Whatever it is that you’re wanting to achieve, whatever level of success that you want to aspire to, that’s the it. You’ve got to chase it down. It ain’t going to fall in your lap, plain and simple. There’s no luck in business. I’m a big believer of that. You make your own luck. I am on that chase it down mission right now with my team, with my community, with my subscribers, with every one that I come into contact with on a day-to-day basis. It’s all about chasing it down.

Jerod Morris: What’s one of the specific ‘its’ that’s at the top of your priority list now? Something specific, and what are you doing to get there, to chase it down?

Chris Ducker: Yeah, so our number one focus right now is to get to 1,000 mastermind community members for Youpreneur by the end of this year. We’re about halfway there now, and what we’re doing right now, actually, is we’re completely rebuilding our automation funnel. We are planning out and launching, probably in about three weeks from now, maybe even less than that actually, a scarcity launch before we put the price up on September 1.

We are also putting in place a number of different live webinars that I’m going to be doing, on a number of different topics as well. The crossover between our two shows here, it’s quite adamant. Everyone can see it. The perfect client, customer, or member for Youpreneur is that digital entrepreneur, is an author, speaker, coach, consultant, expert, blogger, podcaster. Whoever, it doesn’t matter — what I call a ‘personal brand entrepreneur.’

We’re going to be teaming up with a lot of individual communities and groups that focus on, say, providing info for authors, providing info for speakers, providing info for consultants, coaches, and all these sort of types of things. Seventy percent of the webinar will ultimately be the same, but there’s going to be a lot of personalization and customization for each one. That’s where we’re looking to try and bring in those additional 500 members.

Jerod Morris: I like how you’ve got specific numbers there. Have you found that’s been really useful for you? I mean in terms of being able to chase it down, to really know what it is down to a level of specificity like you want 1,000 people. How important is that for you?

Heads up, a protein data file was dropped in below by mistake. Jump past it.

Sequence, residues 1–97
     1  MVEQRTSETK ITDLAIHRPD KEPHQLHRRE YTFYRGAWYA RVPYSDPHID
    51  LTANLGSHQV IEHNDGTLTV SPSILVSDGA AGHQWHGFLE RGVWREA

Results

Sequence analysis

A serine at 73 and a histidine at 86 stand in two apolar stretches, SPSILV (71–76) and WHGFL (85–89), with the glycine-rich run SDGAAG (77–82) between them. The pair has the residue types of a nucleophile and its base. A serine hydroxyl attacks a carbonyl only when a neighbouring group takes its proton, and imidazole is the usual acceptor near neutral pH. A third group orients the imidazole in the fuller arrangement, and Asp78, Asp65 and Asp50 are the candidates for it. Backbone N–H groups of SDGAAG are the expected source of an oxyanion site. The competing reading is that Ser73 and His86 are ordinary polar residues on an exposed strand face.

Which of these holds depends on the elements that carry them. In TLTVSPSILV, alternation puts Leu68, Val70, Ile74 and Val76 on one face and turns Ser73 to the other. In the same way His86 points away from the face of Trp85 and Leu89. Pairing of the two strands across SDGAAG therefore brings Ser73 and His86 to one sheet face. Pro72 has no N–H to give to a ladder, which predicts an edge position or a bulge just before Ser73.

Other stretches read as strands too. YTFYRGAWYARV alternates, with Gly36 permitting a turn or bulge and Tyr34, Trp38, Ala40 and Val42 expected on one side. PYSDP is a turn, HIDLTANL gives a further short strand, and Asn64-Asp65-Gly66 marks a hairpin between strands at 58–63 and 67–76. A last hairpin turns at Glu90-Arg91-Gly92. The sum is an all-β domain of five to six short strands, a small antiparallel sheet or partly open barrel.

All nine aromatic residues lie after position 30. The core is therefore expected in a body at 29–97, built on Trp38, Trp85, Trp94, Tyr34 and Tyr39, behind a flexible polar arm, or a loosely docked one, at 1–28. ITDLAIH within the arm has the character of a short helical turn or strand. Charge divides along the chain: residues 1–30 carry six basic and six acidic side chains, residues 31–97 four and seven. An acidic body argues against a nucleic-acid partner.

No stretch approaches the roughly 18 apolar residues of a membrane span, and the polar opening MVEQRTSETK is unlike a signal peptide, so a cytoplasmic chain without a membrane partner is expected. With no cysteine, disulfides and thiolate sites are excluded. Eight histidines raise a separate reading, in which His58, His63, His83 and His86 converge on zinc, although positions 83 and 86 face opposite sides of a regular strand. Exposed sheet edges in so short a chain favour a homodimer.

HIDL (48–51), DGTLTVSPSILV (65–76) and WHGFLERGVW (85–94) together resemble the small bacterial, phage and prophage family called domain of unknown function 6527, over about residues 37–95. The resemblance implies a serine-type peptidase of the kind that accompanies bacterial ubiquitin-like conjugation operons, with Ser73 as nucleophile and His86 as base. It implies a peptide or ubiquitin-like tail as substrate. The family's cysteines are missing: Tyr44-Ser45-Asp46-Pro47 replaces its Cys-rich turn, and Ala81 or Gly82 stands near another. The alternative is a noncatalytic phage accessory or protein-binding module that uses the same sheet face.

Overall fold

The Importance of Pursuing Quantifiable Metrics

Chris Ducker: I’m a sales and marketing guy. I have been since I was 17 years old. Through the very big majority of my 20s, I had no salary. I worked 100 percent on commission. That takes some balls for anybody, and I was just in a position where I’m a good sales guy, plain and simple. We’re talking when I was still back in London. I was working at the publishing company. I actually said, no to a basic salary, even with two children in tow, because I wanted the higher rate of commission because I had confidence in myself to make the sales I needed to. I’m a very, very target-orientated entrepreneur to this day because of that beginning in sales and marketing world.

Everything we do, everything is broken down, by the way, per month. August, we want to have 200 people sign up to Youpreneur based on that scarcity launch that we’re putting in place. Then there’s 75 people in September, and so on, and so on, and so on. We’re very, very number-focused. I have a saying that the numbers never lie. The numbers never lie. If you ignore the numbers, you do so at your own economic peril. They will tell you exactly what you need to do, how you want to change things.

As digital entrepreneurs, we do it anyway. We should be looking at our analytics, our autoresponder, our open rates, click-through rates, and all these things. If you’re not looking at those things, you’re letting yourself down, and you’re letting your audience down. Sometimes, it only takes very small tweaks to boost all those numbers up, and more people end up getting touched and inspired by what you’re all about. You help more people. You support more people, and so on, and so on, and so on.

Yeah, very, very number-orientated, extremely target-focused as well.